Across The Lake
We asked Ron Rabe of the DNR here about was happening to Balm of Gilead trees -- a few weeks back they already seemed to be dying off. Ron passed our query on to Jana Albers, the department's insect and disease specialist. Her reply: "In August and September, the only other notable pests I picked up were leaf diseases on Balm of Gilead (now crispy leaves). Three diseases (Septoria, Septotinia and Linospora) are all wet- season leaf spots that really built up this year, pretty much all across our region... Since they are sporadic and late season diseases, no losses are expected."
Sometimes the accents on Lakeland TV are a bit hard to understand. The very British ones on the BBC programs like Masterpiece Mystery, for example. It's one of the shows people miss now that Lakeland is filling airtime with shows that viewers tuned to other PBS stations do get to see. When the Bemidji station doesn't even show Antiques Road Show, it's no wonder I get calls and comments asking what I know about it. I hate to be the one who says "I have no idea -- try asking them." They should at least let the receptionist in on it.
"Where do you get your ideas?" Whenever I'm asked that question I remember the writing of Arch Ward, for many years a columnist for the Chicago Tribune whose column was headed, 'In the Wake of the News." I've probably quoted this before, but it's worth repeating:
"The Wake depends... Help! Help!
Upon its friends... Help! Help!"
And so does this column.
Few weeks ago our story about threshing at Wendell Knutson's farm south of Puposky entailed a visit a short time later with Arvid Sether. Have to hope he remembers next fall to give me a call when they start cutting those oat fields. Sether has rebuilt an old horse-drawn binder, and they use a four-horse team to pull it. Should make for some good pictures of another "how we used to do it" farm story.
Gordon Berg was another reader of the story about changes taking place at The American. Gordy got involved working at the paper when Lee Oberg was publisher and he probably remembers Lee's advice to apprentices: "Printer's ink isn't something that gets in your blood -- it gets on your hands!" Takes a lot of type cleaner to get off, too, but the smell of ink on paper creates memories that soap and water can't remove.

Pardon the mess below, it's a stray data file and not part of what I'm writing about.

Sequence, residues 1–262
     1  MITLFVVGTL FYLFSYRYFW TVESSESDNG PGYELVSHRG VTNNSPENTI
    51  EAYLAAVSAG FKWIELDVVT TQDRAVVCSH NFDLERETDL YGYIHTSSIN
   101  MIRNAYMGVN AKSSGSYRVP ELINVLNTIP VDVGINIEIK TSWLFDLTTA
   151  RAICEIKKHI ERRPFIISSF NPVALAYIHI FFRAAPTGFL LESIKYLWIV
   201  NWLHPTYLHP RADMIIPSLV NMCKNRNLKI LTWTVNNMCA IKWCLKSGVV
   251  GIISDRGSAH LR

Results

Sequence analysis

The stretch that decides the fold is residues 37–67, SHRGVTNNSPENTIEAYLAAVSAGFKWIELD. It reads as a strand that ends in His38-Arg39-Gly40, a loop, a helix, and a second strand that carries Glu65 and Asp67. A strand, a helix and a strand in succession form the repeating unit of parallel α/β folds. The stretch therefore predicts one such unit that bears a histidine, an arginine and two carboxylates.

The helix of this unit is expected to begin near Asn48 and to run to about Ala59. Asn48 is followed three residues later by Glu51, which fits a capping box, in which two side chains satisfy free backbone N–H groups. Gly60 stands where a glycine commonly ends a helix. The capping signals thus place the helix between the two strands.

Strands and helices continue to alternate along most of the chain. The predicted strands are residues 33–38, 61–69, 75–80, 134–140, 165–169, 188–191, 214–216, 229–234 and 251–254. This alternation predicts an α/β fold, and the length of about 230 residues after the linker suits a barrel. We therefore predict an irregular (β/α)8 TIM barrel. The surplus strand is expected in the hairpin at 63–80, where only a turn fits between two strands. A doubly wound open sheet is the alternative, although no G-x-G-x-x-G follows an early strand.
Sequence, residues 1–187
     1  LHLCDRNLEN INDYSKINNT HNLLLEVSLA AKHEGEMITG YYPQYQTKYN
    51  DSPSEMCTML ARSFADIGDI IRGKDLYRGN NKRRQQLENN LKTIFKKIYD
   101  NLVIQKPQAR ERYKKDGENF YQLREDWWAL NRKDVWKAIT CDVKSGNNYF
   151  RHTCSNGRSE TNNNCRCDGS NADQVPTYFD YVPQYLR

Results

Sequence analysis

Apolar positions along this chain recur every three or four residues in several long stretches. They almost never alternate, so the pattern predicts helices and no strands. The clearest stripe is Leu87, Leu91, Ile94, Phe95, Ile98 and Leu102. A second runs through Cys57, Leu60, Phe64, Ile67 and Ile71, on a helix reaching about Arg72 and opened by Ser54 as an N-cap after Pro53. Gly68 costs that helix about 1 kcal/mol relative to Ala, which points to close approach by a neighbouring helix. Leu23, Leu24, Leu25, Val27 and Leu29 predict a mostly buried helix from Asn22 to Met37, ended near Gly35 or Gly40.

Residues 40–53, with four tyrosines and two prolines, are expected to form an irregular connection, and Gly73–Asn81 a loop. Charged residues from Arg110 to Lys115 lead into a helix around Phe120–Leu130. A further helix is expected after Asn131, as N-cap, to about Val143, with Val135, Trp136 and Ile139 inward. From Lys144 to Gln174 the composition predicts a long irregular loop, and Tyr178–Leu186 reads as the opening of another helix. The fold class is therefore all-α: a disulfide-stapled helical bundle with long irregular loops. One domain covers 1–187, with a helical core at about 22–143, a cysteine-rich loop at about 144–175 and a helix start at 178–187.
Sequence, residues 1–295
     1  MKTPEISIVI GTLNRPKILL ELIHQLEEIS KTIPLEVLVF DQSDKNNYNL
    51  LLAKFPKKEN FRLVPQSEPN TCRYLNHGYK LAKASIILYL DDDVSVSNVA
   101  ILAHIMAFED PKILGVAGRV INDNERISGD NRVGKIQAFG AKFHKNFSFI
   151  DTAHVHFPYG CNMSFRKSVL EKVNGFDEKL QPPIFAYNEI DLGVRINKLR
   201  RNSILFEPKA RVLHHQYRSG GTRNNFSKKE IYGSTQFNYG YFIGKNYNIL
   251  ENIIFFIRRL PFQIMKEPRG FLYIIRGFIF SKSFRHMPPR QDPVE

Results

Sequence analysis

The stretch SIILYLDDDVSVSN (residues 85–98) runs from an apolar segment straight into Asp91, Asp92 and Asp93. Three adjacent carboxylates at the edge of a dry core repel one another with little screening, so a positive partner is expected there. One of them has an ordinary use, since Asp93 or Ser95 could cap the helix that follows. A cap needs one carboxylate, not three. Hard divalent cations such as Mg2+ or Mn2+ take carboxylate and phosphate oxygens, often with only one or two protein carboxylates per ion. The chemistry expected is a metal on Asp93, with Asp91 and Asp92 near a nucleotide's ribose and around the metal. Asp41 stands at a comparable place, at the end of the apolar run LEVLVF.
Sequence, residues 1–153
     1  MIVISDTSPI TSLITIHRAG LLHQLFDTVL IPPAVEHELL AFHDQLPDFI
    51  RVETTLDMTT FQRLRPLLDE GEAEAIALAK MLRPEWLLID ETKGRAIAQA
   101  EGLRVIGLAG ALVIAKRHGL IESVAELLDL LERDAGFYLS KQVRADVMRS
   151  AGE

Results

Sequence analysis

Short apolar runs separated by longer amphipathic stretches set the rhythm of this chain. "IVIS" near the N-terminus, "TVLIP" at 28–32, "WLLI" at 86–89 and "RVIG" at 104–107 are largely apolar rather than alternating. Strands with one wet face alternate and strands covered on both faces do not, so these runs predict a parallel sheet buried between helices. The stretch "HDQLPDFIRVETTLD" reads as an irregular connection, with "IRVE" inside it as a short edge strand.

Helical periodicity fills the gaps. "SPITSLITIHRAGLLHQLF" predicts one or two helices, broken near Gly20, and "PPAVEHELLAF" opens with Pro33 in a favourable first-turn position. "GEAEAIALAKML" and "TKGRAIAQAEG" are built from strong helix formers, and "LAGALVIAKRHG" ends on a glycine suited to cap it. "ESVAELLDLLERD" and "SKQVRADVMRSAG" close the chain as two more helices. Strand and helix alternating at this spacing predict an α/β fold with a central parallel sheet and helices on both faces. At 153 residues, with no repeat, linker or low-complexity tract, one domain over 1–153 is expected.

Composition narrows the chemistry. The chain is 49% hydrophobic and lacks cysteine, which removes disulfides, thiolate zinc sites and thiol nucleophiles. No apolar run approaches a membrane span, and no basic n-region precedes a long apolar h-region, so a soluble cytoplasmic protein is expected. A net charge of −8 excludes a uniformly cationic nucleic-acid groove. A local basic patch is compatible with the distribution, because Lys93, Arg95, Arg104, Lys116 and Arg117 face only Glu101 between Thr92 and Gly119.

Driving can be hazardous to your health. I'm not sure which is the scariest but the Internet is full of examples, a couple of which showed up on the screen yesterday. One showed a bad way to bag a moose. The driver in this case seemed to have escaped without injury but the moose didn't fare as well. It came through the guy's windshield and wound up in the back of his vehicle. Most of it, anyway, though highway patrol photographs did show that not all of the animal made it.
The second driving mishap happened near Deer Lodge, MT. A college student from Washington state was on his way to Chicago when he fell asleep at the wheel. And drifted onto the shoulder. He hit the end of a guard rail, and 120 feet of the rail went through his right headlight, the engine compartment, the firewall, glove box, the passenger seat, the rear seat, and exited out the rear window on the driver's side. There were no passengers and the driver wasn't hurt, but the car was totaled.
Thoughts while drying the dishes... Years ago a very famous syndicated sports columnist came to work one morning after a night of quite serious over-imbibing. His column filled his allotted 600 words that day with a single sentence, repeated some 75 or 80 times: "I should not mix whiskey and rum." I know better -- my editor wouldn't print it and My Favorite Reader wouldn't allow it. How about Diet Pepsi?